In another study Danish researchers trained a group of 18 men and nine women to run a marathon over 18 months. After that period, the men group lost an average of 5 pounds each, but the women group didn’t lose any weight at all.

group exercising

This study reminds me of the importance of doing things because of the joy they will bring to our lives in the process of doing them.

Gym attendance rates are poor compared to the number of paying members because the primary reason for attending a gym is usually to lose weight or become more fit, not necessarily because of the fun involved.

Our soul is always going to push us to do joyful things, which is why it’s so hard to go to the gym if we don’t enjoy it. If you set a goal of running a marathon because you want to lose weight, but you barely tolerate running, you might end up being very disappointed.

But if you want to run a marathon for the huge accomplishment that it represents and because you love running, then this totally enhances your vibration and helps you at many levels, because exercise is a great tool to help us feel better.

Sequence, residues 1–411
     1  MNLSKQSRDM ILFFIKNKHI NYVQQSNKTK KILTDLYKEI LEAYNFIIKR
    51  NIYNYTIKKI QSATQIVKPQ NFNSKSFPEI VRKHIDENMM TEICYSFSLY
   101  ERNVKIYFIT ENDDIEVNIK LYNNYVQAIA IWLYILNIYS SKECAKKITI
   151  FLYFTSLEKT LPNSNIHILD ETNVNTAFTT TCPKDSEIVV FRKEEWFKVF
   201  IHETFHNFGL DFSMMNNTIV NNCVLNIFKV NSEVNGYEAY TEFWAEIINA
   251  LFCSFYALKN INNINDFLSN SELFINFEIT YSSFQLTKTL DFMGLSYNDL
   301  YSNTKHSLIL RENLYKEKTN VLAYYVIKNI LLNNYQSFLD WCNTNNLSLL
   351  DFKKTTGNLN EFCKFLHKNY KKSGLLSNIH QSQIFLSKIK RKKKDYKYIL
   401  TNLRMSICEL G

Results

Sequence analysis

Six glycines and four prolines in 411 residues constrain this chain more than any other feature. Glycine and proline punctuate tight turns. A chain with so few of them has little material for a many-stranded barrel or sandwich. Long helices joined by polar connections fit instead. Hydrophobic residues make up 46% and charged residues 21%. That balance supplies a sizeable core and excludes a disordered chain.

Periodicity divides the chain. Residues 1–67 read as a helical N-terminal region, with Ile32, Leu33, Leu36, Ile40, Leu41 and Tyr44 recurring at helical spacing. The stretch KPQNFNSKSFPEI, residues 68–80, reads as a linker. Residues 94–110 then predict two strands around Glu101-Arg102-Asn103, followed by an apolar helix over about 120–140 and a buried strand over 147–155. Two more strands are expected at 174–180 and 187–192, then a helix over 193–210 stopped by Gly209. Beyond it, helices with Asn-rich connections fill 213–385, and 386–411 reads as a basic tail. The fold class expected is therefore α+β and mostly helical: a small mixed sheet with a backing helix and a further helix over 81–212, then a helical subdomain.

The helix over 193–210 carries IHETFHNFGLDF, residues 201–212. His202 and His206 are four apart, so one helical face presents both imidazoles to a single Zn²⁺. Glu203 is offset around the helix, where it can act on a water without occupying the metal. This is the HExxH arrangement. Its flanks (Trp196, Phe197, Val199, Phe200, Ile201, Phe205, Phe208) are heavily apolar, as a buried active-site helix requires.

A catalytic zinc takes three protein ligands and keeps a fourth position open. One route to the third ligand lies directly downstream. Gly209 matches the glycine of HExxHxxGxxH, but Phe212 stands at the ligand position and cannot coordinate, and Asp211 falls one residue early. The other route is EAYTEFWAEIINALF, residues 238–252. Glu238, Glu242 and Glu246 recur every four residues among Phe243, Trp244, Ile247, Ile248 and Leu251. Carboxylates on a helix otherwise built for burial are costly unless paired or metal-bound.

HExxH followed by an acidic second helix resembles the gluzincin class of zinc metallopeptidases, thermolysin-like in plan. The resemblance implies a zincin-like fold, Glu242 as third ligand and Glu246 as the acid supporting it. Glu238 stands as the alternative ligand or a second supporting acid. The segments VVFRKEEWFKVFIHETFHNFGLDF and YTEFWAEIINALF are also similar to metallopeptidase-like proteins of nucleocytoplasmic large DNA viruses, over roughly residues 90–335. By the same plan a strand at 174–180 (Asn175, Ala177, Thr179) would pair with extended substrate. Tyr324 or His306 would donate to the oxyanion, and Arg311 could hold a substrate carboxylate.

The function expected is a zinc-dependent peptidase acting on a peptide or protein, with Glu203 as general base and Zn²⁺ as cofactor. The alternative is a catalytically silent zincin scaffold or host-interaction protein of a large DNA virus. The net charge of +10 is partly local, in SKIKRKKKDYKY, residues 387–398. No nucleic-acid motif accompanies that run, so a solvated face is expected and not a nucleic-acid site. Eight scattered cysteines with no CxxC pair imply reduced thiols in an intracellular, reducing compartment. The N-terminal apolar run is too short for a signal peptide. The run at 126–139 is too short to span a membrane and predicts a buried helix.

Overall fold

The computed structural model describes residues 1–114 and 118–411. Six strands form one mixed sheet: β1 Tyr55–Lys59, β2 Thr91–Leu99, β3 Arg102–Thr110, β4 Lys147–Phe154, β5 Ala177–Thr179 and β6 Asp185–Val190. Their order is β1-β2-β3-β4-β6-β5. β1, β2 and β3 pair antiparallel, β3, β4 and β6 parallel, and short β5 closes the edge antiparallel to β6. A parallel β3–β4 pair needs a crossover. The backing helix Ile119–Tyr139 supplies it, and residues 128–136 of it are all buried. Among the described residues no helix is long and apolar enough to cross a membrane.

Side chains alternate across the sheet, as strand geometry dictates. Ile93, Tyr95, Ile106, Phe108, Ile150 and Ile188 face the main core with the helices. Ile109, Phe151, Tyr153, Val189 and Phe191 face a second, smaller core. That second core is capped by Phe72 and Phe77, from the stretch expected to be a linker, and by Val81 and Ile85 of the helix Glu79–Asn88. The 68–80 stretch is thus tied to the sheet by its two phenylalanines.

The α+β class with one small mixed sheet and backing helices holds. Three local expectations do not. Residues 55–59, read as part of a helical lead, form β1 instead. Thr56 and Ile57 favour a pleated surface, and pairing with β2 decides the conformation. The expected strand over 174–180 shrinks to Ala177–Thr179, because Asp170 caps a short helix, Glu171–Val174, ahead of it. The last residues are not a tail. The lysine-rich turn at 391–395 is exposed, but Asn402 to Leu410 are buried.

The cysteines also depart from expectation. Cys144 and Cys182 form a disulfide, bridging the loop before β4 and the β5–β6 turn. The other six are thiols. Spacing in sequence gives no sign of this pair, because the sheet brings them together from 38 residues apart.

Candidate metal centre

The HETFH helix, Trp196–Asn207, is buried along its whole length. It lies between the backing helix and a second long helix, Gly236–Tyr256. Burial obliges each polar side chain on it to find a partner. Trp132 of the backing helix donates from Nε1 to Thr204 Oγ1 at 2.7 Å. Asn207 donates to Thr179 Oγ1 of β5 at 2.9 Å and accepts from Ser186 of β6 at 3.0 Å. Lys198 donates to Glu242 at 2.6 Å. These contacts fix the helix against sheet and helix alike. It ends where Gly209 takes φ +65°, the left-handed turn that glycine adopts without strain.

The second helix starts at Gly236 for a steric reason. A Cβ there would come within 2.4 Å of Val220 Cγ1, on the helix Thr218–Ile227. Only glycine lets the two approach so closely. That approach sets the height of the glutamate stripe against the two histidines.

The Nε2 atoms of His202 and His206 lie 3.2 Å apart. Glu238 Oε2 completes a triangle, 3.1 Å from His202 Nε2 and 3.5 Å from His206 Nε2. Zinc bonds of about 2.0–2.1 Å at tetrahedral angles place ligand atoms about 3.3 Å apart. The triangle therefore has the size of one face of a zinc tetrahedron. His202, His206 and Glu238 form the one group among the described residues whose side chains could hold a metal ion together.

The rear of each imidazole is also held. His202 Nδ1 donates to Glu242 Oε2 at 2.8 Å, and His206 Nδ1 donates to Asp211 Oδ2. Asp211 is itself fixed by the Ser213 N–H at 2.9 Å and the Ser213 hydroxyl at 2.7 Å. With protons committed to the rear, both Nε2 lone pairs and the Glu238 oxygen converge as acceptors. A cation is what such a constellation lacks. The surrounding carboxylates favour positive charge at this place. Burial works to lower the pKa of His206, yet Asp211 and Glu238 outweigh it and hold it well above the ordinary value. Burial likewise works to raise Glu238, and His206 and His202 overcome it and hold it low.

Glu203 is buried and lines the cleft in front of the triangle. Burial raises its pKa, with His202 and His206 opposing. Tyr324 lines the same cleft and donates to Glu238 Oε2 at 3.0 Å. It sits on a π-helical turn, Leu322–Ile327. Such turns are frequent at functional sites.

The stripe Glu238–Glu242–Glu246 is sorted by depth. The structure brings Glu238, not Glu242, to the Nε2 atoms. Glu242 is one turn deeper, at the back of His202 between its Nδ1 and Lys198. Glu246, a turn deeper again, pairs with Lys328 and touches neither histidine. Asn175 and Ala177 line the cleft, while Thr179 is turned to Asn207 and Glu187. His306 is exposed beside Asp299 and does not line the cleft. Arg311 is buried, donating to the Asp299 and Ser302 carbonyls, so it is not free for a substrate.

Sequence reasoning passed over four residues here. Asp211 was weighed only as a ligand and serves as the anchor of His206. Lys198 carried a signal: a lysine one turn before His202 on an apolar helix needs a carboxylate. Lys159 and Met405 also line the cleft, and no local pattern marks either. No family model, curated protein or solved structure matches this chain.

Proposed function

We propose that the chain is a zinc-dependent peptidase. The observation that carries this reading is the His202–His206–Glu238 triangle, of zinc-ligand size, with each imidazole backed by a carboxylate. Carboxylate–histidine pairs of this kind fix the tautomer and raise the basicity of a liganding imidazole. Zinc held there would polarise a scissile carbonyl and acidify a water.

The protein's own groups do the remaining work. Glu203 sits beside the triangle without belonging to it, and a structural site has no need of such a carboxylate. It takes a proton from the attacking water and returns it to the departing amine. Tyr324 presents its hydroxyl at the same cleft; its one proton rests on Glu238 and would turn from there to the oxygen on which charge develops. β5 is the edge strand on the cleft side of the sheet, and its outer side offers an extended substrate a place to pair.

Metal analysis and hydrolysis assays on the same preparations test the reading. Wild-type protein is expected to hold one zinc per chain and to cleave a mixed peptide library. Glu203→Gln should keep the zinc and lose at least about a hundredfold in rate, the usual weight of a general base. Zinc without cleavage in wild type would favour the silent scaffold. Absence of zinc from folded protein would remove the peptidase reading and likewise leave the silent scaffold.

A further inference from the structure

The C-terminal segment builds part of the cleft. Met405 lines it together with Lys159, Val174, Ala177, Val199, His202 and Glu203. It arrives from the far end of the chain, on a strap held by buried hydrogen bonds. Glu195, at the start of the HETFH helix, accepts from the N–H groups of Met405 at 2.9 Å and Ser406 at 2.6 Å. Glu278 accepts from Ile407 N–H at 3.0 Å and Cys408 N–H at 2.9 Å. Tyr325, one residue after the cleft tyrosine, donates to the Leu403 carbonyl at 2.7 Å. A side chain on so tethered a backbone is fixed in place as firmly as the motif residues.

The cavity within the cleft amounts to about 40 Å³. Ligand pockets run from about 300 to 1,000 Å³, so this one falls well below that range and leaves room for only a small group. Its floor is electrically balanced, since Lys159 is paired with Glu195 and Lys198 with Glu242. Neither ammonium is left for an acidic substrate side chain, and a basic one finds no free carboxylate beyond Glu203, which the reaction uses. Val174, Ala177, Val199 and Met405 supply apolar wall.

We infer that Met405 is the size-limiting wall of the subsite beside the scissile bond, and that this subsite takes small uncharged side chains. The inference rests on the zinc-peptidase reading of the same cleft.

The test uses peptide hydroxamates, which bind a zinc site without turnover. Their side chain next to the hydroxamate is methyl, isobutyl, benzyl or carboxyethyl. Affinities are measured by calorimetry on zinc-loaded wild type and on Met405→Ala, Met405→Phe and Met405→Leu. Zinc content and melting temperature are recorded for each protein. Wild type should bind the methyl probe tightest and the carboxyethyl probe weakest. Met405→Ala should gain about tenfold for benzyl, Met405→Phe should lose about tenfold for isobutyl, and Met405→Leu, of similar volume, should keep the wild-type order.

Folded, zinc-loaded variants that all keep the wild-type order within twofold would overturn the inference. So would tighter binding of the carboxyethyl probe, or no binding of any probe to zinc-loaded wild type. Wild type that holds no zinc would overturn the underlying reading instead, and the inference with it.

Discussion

Self-care and self-healing are very important for our physical and mental health.

2. Weight is not the result of calories in versus calories out

KCAL exercise post

Weight is not the result of calories in versus calories out because the total amount of calories we burn each day is the sum of:

a. The calories we need for our body to function

This is called our Basal Metabolic Rate (BMR): breathing, pumping blood, maintaining vital organs, etc. This is basically the number of calories we burn while we do nothing (rest).

b. Calories used in digestion and absorption of food

c. Exercise

The obesity code book cover by Dr Jason FungDr. Jason Fung, bestselling author of The Obesity Code, writes that the problem with assuming that exercise is the way to burn calories and lose weight is that the BMR does not stay stable, that is, our body some days might need more or fewer calories to function; and as we have seen earlier, our bodies adapt to our new routines.

We might exercise more to try to create a caloric deficit, but our BMR might also be decreasing (we are burning fewer calories while resting, particularly if our body feels threatened).